It’s natural to be concerned when you see anything in your pond that is out of the ordinary. Fortunately, most of the standard frights I hear about are from harmless worms.
Blood worms are little brownish-red aquatic worms that are harmless to both plants and animals. You may have seen groups of these small worms all clumped together seemingly appear out of nowhere. Don’t worry, the sudden appearance of these worms means they have recently hatched, and are relatively standard in ponds.
In fact, these little worms serve a purpose. When these worms are in your pond filter, they help break down the organic waste inside. These hungry little worms feed on decaying organic matter that could build up in your filter or break down into toxins.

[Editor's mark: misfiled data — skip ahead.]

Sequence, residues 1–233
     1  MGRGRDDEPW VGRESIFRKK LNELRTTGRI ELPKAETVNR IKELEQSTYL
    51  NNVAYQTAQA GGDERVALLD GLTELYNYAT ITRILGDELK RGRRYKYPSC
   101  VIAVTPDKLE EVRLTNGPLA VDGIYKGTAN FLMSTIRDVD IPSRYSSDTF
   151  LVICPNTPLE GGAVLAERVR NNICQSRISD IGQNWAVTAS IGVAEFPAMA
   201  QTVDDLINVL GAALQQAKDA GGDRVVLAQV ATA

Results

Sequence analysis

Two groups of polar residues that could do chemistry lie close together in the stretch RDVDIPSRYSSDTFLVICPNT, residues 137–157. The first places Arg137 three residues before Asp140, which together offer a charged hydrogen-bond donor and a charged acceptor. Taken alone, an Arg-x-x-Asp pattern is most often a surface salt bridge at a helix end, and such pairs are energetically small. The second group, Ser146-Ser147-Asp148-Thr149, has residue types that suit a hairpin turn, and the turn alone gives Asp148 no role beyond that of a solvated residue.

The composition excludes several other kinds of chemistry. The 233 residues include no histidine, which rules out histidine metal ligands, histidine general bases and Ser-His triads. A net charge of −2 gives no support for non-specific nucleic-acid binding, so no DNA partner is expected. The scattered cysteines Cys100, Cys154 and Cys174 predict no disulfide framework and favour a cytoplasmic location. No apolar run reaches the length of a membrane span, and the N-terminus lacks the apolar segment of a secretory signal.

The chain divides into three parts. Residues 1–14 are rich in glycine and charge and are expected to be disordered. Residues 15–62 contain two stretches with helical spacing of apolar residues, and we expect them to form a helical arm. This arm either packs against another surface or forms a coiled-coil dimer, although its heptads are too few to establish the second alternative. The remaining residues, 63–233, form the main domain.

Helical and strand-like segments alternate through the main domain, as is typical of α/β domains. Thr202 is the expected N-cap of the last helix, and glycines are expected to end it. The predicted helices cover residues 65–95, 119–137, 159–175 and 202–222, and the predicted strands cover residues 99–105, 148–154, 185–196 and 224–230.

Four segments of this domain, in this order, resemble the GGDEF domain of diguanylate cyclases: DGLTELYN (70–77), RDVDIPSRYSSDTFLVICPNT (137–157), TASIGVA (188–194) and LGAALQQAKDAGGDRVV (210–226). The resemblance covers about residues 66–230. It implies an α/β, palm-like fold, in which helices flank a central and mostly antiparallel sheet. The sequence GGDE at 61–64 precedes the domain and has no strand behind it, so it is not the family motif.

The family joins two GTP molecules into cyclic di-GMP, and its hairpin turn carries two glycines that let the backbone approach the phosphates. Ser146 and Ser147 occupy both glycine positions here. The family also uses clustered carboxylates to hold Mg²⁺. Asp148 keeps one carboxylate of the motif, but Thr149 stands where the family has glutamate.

Another great reason to have blood worms around is that they make lovely treats for your fish. Most pet stores stock supplies of these worms to feed to aquarium fish, reptiles, and amphibians. You can even buy them freeze-dried, but most fish agree that fresh is best.
Harmful parasites like Anchor Worms are fortunately not as common in fish ponds as blood worms. These anchor worms are actually not worms, but a parasitic crustacean instead. Either way, in the event that they do infect your fish, it’s important to know how to deal with them.
These parasites attach on to the fish’s skin and burrow their head into the fish’s flesh. You’ll be able to see their tails sticking out of your fish if you look closely. They cause redness and irritation, and the fish will struggle to try and remove them by brushing against sharp objects like rocks.
If you notice this, the parasite can be removed by slowly pulling them out with a pair of tweezers. You should then treat your water with an Anchor Worm Treatment to kill off any eggs still left in the water.
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